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Vascular risk factors and neuroprotection in glaucoma

update 1996
  • 248 Pages
  • 2.74 MB
  • 3272 Downloads
  • English

Kugler Publications , Amsterdam, New York
Glaucoma., Eye -- Blood-vessels., Optic nerve., Retina., Glaucoma -- physiopathology., Glaucoma -- drug therapy., Risk Fac
Statementedited by Stephen M. Drance.
ContributionsDrance, Stephen M.
Classifications
LC ClassificationsRE871 .V37 1997
The Physical Object
Paginationix, 248 p. :
ID Numbers
Open LibraryOL671664M
ISBN 109062991378
LC Control Number97017662

Therefore, neuroprotection in glaucoma is aimed at protecting those neurons that are damaged or likely to be damaged in glaucomatous optic neuropathy which consists of neurons along the entire visual pathway, chiefly the RGC axons. This Cited by: Get this from a library. Vascular risk factors and neuroprotection in glaucoma: update [Stephen M Drance;].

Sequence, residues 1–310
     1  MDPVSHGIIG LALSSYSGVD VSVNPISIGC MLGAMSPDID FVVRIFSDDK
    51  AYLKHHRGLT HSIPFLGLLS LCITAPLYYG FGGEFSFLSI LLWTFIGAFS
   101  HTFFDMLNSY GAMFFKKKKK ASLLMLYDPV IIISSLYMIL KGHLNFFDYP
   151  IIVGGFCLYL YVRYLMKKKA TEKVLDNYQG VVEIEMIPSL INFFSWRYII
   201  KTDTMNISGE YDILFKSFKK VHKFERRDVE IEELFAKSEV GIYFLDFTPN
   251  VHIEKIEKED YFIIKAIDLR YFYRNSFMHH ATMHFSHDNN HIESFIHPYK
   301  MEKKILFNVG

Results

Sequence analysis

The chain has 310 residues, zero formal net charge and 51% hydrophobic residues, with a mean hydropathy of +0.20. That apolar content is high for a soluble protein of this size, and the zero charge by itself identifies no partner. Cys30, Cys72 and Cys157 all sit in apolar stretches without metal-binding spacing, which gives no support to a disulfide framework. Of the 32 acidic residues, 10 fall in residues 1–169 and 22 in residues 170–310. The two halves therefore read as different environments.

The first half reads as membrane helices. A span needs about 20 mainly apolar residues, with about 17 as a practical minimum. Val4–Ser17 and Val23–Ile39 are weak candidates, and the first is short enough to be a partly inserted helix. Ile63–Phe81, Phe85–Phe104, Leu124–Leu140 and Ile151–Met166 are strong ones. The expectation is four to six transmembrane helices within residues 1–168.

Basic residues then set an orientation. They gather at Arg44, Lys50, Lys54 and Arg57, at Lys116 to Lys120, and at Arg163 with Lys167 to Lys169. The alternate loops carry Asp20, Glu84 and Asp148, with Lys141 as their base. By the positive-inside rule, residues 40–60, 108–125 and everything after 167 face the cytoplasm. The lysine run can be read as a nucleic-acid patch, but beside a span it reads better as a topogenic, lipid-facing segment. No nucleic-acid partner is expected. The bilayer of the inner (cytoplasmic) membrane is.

Vascular dysregulation has been implicated in the pathogenesis of glaucoma, therefore a neuroprotective effect has been suggested for agents which can improve regulation of ocular blood perfusion. Some anti-glaucoma medications have additional ocular blood perfusion effects. The role of vascular risk factors in glaucoma is still being debated.

To assess the importance of vascular risk factors in patients with primary open-angle glaucoma (POAG), data from the medical. Interestingly, systemic Vascular risk factors and neuroprotection in glaucoma book diseases also occur in glaucoma patients and are considered to be vascular risk factors [9] [10][11].